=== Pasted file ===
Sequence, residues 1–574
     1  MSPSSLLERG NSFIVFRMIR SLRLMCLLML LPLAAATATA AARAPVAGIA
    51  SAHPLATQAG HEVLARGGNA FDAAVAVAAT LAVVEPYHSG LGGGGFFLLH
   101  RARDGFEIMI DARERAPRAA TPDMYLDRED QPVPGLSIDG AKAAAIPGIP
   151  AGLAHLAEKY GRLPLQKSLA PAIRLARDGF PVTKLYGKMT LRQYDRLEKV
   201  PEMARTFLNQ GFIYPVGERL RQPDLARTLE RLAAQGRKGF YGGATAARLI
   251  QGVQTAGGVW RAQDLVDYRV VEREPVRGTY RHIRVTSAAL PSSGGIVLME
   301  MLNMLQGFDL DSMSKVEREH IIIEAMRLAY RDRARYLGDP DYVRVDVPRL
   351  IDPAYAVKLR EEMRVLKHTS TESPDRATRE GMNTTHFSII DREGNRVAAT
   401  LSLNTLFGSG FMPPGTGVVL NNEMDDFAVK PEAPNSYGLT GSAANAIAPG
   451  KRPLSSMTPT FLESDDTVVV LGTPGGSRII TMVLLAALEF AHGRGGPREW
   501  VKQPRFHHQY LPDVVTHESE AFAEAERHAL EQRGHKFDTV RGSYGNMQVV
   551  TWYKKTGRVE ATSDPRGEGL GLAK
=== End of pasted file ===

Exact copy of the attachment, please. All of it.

Sequence, residues 1–574
     1  MSPSSLLERG NSFIVFRMIR SLRLMCLLML LPLAAATATA AARAPVAGIA
    51  SAHPLATQAG HEVLARGGNA FDAAVAVAAT LAVVEPYHSG LGGGGFFLLH
   101  RARDGFEIMI DARERAPRAA TPDMYLDRED QPVPGLSIDG AKAAAIPGIP
   151  AGLAHLAEKY GRLPLQKSLA PAIRLARDGF PVTKLYGKMT LRQYDRLEKV
   201  PEMARTFLNQ GFIYPVGERL RQPDLARTLE RLAAQGRKGF YGGATAARLI
   251  QGVQTAGGVW RAQDLVDYRV VEREPVRGTY RHIRVTSAAL PSSGGIVLME
   301  MLNMLQGFDL DSMSKVEREH IIIEAMRLAY RDRARYLGDP DYVRVDVPRL
   351  IDPAYAVKLR EEMRVLKHTS TESPDRATRE GMNTTHFSII DREGNRVAAT
   401  LSLNTLFGSG FMPPGTGVVL NNEMDDFAVK PEAPNSYGLT GSAANAIAPG
   451  KRPLSSMTPT FLESDDTVVV LGTPGGSRII TMVLLAALEF AHGRGGPREW
   501  VKQPRFHHQY LPDVVTHESE AFAEAERHAL EQRGHKFDTV RGSYGNMQVV
   551  TWYKKTGRVE ATSDPRGEGL GLAK